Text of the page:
Mine a Cabinet was made,

Where Iris Secrets ſhou’d be laid.

O3 In 198 O3v 198

In the reſt, without Controul,

She ſhou’d triumph o’er the Soul:

Proſtrate at her Feet I’d lye,

Deſpiſing Power and Liberty;

Glorying more by Love to fall,

Than rule the Univerſal Ball.

Hear me, O you ſawcy Youth!

And from my Maxims, learn this Truth.

Wou’d you Great and Powerful prove?

Be an humble Slave to Love.

’Tis nobler far, a Joy to give,

Than any Bleſſing to receive.

The 199 O4r 199

The Looking-glass, Sent from Damon to Iris.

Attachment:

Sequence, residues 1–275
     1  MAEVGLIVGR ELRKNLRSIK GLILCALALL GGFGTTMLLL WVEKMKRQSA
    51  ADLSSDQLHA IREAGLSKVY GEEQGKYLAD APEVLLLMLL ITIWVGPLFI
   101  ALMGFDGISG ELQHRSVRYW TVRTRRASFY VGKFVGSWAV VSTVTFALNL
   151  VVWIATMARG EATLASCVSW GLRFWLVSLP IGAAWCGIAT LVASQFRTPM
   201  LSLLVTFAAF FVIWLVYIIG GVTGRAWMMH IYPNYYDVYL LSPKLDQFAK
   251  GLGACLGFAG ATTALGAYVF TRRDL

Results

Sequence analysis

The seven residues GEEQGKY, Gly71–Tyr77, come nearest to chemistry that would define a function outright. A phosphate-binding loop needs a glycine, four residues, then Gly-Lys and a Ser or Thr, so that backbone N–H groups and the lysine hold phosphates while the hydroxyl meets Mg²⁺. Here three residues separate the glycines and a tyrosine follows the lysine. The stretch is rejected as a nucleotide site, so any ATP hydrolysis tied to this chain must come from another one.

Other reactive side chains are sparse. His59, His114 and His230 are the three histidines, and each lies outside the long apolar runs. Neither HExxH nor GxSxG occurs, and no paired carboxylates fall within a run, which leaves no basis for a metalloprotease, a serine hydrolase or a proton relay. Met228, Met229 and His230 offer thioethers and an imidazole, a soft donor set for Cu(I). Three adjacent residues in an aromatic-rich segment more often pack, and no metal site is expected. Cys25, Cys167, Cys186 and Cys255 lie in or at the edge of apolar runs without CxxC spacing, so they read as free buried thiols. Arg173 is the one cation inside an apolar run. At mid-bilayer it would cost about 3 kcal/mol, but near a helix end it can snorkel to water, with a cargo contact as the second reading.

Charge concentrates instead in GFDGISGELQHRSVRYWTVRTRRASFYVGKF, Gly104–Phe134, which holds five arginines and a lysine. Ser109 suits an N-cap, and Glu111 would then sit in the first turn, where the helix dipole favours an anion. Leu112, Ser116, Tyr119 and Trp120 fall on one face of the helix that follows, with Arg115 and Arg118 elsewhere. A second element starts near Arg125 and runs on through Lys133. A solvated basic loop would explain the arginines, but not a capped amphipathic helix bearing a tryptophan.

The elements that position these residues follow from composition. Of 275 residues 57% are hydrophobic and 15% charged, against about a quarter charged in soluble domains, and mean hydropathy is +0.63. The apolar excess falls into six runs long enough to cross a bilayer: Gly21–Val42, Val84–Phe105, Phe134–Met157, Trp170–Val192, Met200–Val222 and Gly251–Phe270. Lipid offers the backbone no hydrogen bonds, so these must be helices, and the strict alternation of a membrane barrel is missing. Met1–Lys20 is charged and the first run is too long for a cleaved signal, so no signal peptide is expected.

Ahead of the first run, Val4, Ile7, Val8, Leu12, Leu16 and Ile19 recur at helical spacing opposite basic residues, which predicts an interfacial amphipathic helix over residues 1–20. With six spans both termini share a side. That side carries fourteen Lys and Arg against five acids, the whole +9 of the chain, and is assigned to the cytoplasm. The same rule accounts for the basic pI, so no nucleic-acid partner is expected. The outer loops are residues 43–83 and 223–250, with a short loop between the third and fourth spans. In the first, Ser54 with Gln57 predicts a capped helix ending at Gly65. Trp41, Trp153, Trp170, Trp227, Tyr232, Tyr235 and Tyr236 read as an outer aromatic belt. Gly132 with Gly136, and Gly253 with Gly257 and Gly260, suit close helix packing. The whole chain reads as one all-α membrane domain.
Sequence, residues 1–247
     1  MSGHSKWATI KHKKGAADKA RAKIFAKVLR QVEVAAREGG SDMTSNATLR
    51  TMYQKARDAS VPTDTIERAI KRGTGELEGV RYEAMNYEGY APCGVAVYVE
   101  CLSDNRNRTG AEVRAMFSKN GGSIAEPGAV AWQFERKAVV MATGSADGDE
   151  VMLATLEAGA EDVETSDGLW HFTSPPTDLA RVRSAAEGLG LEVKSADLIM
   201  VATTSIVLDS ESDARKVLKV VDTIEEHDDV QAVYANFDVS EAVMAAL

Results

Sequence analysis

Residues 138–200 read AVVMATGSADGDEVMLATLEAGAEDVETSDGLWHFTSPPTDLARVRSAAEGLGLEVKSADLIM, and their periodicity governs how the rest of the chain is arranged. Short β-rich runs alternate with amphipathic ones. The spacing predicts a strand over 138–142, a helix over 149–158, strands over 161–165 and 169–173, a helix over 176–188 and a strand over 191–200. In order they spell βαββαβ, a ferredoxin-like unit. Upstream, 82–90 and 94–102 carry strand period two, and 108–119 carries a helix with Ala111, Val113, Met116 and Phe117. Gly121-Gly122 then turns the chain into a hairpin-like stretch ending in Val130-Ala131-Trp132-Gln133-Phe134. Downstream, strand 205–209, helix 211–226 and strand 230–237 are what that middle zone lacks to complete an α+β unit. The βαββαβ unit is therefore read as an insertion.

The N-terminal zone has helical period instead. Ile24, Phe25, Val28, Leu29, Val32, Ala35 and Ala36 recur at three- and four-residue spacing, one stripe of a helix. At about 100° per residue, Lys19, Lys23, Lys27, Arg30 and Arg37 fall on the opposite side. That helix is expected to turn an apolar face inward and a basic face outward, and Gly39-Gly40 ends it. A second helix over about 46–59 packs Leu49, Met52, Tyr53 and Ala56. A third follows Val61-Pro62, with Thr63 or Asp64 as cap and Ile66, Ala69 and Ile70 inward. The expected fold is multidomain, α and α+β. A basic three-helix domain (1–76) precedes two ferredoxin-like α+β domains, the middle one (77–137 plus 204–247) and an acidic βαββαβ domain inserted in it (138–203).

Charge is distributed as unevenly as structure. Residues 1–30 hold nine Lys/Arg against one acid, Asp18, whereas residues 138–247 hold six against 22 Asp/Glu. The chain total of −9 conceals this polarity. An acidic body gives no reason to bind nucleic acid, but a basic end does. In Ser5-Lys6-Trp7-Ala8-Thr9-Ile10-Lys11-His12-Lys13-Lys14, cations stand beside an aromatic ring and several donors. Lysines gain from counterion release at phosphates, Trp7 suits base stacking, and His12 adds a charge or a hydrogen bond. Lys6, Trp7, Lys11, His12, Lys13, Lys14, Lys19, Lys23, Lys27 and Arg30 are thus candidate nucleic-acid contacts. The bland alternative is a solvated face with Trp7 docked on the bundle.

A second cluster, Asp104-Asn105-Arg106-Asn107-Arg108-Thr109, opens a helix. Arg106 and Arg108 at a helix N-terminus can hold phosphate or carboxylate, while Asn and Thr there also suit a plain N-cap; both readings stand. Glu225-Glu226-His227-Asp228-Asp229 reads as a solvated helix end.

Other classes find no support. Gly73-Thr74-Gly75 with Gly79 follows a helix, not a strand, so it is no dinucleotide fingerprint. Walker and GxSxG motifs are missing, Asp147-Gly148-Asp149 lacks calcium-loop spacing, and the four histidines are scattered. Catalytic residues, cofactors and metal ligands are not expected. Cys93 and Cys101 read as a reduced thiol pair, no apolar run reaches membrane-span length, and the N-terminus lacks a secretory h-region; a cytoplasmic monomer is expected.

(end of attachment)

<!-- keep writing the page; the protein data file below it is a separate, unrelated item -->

How long, O charming Iris! ſhall I ſpeak in vain of your adorable Beauty? You have been juſt, and believe I love you with a Paſſion perfectly tender and extream; and yet you will not allow your Charms to be infinite. You muſt either accuſe my Flames to be unreaſonable, and that my Eyes and Heart are falſe Judges of Wit and Beauty; or allow, that you are the moſt perfect of your Sex. But inſtead of that, you always accuſe me of Flattery, when I ſpeak of your infinite O4 Merit; 200 O4v 200 Merit; and when I refer you to your Glaſs, you tell me, that flatters, as well as Damon; though one wou’d imagine, that ſhou’d be a good Witneſs for the Truth of what I ſay, and undeceive you of the Opinion of my Injuſtice. Look――and confirm your ſelf, that nothing can equal your Perfections. All the World ſays it, and you muſt doubt it no longer. O Iris! Will you diſpute againſt the whole World?